Hopping back to British Columbia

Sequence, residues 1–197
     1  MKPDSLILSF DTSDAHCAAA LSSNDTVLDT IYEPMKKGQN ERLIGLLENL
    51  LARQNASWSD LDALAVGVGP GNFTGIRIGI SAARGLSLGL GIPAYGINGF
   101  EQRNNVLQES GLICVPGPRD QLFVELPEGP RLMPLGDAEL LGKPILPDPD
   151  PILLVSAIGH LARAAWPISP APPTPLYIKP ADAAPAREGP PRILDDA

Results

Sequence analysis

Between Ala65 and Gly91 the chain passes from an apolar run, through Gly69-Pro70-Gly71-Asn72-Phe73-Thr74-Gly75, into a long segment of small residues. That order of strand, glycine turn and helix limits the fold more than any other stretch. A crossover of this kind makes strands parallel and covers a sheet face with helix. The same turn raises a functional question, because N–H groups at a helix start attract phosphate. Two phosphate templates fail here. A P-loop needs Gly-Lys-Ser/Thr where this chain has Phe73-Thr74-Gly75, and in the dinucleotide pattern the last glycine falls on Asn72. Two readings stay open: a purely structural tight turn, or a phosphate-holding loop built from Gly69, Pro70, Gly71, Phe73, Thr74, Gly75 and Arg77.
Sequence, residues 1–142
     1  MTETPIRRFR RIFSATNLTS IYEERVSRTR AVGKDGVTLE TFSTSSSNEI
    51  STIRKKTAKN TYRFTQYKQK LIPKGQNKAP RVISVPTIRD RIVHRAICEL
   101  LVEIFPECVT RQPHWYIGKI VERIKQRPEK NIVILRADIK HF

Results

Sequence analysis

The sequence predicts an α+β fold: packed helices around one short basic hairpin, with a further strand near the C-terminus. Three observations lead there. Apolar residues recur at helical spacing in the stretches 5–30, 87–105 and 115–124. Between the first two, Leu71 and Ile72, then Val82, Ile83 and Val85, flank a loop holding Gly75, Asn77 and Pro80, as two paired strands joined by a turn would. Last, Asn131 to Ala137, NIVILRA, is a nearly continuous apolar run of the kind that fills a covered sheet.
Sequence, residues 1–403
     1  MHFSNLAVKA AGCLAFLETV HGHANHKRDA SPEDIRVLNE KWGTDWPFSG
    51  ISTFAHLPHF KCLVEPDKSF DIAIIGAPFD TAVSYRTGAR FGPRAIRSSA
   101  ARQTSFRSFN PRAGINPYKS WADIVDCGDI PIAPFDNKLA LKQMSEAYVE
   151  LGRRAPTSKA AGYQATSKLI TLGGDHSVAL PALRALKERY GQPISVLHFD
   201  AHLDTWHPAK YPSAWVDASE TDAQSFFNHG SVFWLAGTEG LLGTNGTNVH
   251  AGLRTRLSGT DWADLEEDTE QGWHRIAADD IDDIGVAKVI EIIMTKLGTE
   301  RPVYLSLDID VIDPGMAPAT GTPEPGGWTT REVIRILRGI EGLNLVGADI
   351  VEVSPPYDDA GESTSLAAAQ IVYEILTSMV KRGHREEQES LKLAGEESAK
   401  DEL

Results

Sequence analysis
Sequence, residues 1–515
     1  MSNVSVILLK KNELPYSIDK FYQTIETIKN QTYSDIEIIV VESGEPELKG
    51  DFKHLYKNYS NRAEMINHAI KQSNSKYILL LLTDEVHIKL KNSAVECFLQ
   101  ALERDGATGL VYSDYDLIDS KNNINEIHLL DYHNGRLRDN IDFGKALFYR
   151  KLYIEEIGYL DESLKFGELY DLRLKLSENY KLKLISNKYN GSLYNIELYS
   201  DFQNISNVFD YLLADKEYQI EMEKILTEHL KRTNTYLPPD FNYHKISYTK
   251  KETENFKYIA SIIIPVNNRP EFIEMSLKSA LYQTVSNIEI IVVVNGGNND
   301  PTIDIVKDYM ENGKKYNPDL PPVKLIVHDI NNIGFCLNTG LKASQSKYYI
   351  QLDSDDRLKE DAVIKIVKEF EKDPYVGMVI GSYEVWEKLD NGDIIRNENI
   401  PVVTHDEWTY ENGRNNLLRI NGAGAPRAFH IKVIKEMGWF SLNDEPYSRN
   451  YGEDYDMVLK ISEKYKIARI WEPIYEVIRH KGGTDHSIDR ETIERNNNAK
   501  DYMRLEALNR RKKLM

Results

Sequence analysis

Mention British Columbia, and you might think of the 2010 Winter Olympics in Vancouver and Whistler. There’s so much more to BC: including more movies that used to be filmed in Hollywood, Okanagan Valley wines, salmon and timber, and yes, Sarah Palin, that long border it shares with Alaska. But BC is also becoming a leader in a lucrative business: organic hops. British Columbia has a long history of growing hops. During the nineteenth century, most hops consumed in North America were grown in Canada’s westernmost province, used for everything from brewing beer to medicinal purposes. In the 1890s, however, a hop lice infestation ravaged hop farms. Many farmers lost their livelihood, and by World War II, hop farms had vanished from BC. Hops for beer production came almost exclusively from Oregon and Idaho, where the cost of cultivation and distribution were far more cost-effective. But over the last several years, hops have made a comeback in BC. Increasing interest in home-brewed, micro-brewed, and organic beers have seen organic hop farms, such as Crannóg Ales outside of Sorrento, BC, develop a brisk business. Crannóg Ales has been around for eight years, and not only grows hops, but other organic crops, raises heritage animal breeds, and best of all . . . has a brewery on the farm. Interest in hops is surging as well because of the worldwide hop shortage. Finally, after drinking mediocre beer for decades, consumers are demanding tastier beverages, and the interest in all things organic has spilled over into beer. Farms such as Crannóg Ales are also becoming completely sustainable operations, buying locally, giving workshops on organic farming, and turning waste products into fuel. Canada still has not cracked the top-10 list in global hop production . . . but I see an opening for tour operators who want organize visits to hop farms in BC! If you’re a beer fan, you should check out this blog, run by aficionados Mugsy and Jugsy. And if you happen to be in Ottawa, the Canada Agriculture Museum has an exhibition on the hop industry in BC. So we're curious . . . what is your favorite organic brew?